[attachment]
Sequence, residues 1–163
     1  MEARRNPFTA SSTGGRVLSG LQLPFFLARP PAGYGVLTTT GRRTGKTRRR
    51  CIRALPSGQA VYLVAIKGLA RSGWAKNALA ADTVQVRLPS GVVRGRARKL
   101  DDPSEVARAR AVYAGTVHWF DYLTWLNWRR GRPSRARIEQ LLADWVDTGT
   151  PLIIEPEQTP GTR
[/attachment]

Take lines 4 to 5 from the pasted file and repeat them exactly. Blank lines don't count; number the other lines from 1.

   101  DDPSEVARAR AVYAGTVHWF DYLTWLNWRR GRPSRARIEQ LLADWVDTGT
   151  PLIIEPEQTP GTR